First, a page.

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The Maximite Computer, Pt.3

Over the past two months we introduced the Maximite, a tiny microcomputer that can turn its hand to many things, from teaching programming to controlling your greenhouse. In this final article we provide an introduction to the BASIC language running on the Maximite and show you how to use this tiny marvel for measurement and control.

Part 3 - by Geoff Graham

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Fig.1: when you turn on the Maximite you are greeted with the prompt (>). You can try out the language simply by typing in a command and it will be executed immediately. This example shows the result of running the PRINT command with the argument of 1÷7.

Before you start, it would be worth downloading >the “Maximite User Manual” from the SILICON CHIP website. The following description will give you a summary of the device but the user manual is the ultimate reference.

We suggest too that as you go through this article, if programming is new to you, that you try out each of the examples to get the feel of them.

If your Maximite is completed and ready to go, you can of course use it – but if not, you can get a version of BASIC which will load and run on your personal computer. It should even be available as a free download on the net.

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The Maximite has a lot of capability built into a small package. The core component is the PIC32 microcontroller which in addition to running a powerful BASIC interpreter handles the video, keyboard, SD card, USB and sound.

A few bits of BASIC

The Maximite runs the BASIC language (BASIC is an acronym for Beginner’s All-purpose Symbolic Instruction Code), a very common programming language used in many computer systems. There are quite a few versions of BASIC but that used by the Maximite is fairly close to the original.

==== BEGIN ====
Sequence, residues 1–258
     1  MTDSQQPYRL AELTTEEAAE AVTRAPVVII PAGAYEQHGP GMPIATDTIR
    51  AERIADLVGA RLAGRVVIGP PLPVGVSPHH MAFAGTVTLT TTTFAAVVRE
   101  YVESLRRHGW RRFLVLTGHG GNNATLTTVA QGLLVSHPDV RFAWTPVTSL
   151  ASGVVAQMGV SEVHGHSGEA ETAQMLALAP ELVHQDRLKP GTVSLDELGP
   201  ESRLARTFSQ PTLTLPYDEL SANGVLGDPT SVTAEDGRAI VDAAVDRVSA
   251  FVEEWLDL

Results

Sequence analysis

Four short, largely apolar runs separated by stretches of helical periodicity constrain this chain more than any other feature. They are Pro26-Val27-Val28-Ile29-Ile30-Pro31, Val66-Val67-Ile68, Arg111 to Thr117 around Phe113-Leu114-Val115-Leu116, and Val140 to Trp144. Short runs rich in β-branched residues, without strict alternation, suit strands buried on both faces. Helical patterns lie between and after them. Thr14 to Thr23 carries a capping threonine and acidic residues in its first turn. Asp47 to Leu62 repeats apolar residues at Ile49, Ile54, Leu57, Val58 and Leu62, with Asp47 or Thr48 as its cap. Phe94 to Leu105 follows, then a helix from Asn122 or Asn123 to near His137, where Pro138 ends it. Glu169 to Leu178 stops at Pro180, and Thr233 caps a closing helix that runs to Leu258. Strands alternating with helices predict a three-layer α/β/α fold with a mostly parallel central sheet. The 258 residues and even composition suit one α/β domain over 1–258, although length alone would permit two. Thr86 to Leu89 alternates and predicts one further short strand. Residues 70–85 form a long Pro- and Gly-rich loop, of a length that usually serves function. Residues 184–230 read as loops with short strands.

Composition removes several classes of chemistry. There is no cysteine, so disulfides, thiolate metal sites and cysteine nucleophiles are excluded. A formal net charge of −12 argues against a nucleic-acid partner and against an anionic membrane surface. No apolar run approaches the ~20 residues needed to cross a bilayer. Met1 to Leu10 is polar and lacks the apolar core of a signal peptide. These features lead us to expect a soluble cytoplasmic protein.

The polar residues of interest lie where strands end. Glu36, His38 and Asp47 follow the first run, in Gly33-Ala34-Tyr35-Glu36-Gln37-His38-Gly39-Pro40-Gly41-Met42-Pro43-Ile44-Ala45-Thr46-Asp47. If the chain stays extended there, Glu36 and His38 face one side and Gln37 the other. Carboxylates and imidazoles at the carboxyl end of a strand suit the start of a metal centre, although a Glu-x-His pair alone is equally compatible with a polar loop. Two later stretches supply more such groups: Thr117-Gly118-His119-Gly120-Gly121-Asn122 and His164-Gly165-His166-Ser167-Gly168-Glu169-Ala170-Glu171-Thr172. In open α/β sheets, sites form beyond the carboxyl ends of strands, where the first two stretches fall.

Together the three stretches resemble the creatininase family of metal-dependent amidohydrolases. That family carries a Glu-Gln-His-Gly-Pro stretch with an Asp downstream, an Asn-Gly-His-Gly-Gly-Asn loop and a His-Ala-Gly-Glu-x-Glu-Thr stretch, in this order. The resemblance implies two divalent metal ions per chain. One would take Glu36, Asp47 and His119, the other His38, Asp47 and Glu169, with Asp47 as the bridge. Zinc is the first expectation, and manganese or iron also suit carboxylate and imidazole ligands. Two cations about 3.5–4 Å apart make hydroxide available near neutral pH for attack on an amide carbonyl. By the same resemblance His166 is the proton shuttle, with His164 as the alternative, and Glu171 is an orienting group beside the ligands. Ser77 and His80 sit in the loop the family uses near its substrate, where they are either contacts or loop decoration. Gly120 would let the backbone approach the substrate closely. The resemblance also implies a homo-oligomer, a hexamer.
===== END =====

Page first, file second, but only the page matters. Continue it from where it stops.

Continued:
However, because it does have a couple of minor differences, we’ve called it MMBASIC. Oh, come on now . . . MaxiMite BASIC, OK?

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Fig.2: the input protection for the PIC32 consists of two reverse-biased diodes. These are adequate for most tasks but will not protect against a high-voltage input.

When you first turn on the Maximite you are presented with a prompt as shown in Fig.1. At this point you can type in a command and try it out. This is one of the reasons that MMBASIC is so easy to learn. Almost any command can be entered in this way and you can instantly see what it does. For example:

> PRINT 1/7



The PRINT command will evaluate whatever is on its command line and display the result. In this case it evaluated the result of dividing 1 by 7 and printed the result, just like a pocket calculator.

PRINT is one of the most commonly used commands in the MMBASIC language and it comes in handy when you are experimenting with expressions and functions.

If you prefix the line with a number MMBASIC will save that line in memory along with any other lines prefixed with a line number.

You can then run the program with the RUN command. For example, type in the following:

> 10 A = 1/7

> 20 PRINT A




Hey, you’ve just written your first computer “program”!

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